It took me fifty years to get around to reading this classic. I now look forward to rereading it. The prose is both dense and sparse. Each word is carefully chosen and strung together to form amazing passages. Here are a few favourites...
- "What I found does the most good is just to get into a taxi and go to Tiffany's. It calms me down right away, the quietness and the proud look of it; nothing very bad could happen to you there, not with those kind men in their nice suits, and that lovely smell of silver and alligator wallets. If I could find a real-life place that made me feel like Tiffany's, then I'd buy some furniture and give the cat a name."
- "She was a triumph over ugliness, so often more beguiling than real beauty, if only because it contains paradox. In this case, as opposed to the scrupulous method of plain good taste and scientific grooming, the trick had been worked by exaggerating defects; she'd made them ornamental by admitting them boldly."
- “I loved her enough to forget myself, my self pitying despairs, and be content that something she thought happy was going to happen.”
- "Reading dreams. That's what started her walking down the road. Every day she'd walk a little further: a mile, and come home. Two miles, and come home. One day she just kept on.”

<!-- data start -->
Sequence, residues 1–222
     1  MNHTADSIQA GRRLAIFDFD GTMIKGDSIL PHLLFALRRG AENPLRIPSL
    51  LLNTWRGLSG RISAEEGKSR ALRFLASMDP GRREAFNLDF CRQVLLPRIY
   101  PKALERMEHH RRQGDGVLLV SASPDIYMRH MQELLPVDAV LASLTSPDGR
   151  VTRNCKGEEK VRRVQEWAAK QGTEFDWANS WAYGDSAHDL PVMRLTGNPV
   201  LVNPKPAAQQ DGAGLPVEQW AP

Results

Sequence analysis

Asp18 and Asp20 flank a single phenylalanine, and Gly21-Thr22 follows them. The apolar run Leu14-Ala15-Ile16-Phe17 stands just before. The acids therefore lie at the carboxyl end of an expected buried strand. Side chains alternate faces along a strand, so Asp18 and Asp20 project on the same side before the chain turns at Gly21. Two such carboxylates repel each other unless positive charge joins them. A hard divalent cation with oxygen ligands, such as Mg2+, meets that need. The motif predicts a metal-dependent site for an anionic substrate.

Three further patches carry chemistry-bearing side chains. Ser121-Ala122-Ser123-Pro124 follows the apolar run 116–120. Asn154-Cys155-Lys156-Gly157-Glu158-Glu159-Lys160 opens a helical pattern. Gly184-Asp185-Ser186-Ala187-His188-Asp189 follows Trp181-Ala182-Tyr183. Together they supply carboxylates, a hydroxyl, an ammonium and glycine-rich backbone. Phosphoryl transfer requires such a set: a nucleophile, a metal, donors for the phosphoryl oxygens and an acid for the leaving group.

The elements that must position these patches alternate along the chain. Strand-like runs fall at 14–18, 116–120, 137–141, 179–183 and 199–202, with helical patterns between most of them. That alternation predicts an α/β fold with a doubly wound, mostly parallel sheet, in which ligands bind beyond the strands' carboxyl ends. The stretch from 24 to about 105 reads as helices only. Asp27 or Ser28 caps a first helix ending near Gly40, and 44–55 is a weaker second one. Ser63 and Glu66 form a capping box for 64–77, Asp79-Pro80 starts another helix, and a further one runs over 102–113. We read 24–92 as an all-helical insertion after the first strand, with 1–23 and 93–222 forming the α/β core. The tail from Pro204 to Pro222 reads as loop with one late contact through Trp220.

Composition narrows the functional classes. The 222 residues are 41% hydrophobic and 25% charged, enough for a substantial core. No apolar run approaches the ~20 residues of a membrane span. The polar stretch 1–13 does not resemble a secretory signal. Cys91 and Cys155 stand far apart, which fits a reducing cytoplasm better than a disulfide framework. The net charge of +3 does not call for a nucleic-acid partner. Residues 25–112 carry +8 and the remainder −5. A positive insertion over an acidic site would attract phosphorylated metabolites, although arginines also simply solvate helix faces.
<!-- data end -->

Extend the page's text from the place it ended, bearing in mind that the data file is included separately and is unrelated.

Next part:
The book is more direct and grittier than the impression formed by the movie which is such a dominant piece of (pop) culture. I believe Audrey Hepburn was miscast. Holly Golightly is an 'American Geisha' and like anyone who plies that trade tends to fool themselves about the profession while developing a hard, near jaded personality.
In Capote's own words, "Holly Golightly was not precisely a call girl. She had no job, but accompanied expense-account men to the best restaurants and night clubs, with the understanding that her escort was obligated to give her some sort of gift, perhaps jewelry or a check …if she felt like it, she might take her escort home for the night. So these girls are the authentic American geishas, and they're much more prevalent now than in 1943 or 1944, which was Holly's era."
Her character is on a quest to find a home that feels...well, like home, before it is too late. Holly's wandering spirit will either be rewarded or punished. It is up to each reader to decide the outcome. Lastly, it worth pointing out again the quality of writing. The novella's prose style prompted Norman Mailer to call Capote "the most perfect writer of my generation," adding that he "would not have changed two words in Breakfast at Tiffany's".
- Paperback: 168 pages
- Publisher: Penguin Press; 1 edition (1 September 2008)
- Language: English
- ISBN-10: 0141037261
- ISBN-13: 978-0141037264
- Product Dimensions: 11.4 x 1.6 x 18 cm
- Boxed-product Weight: 99.8 g
- Average Customer Review: 1 customer review
- Amazon Bestsellers Rank: 128,183 in Books (See Top 100 in Books)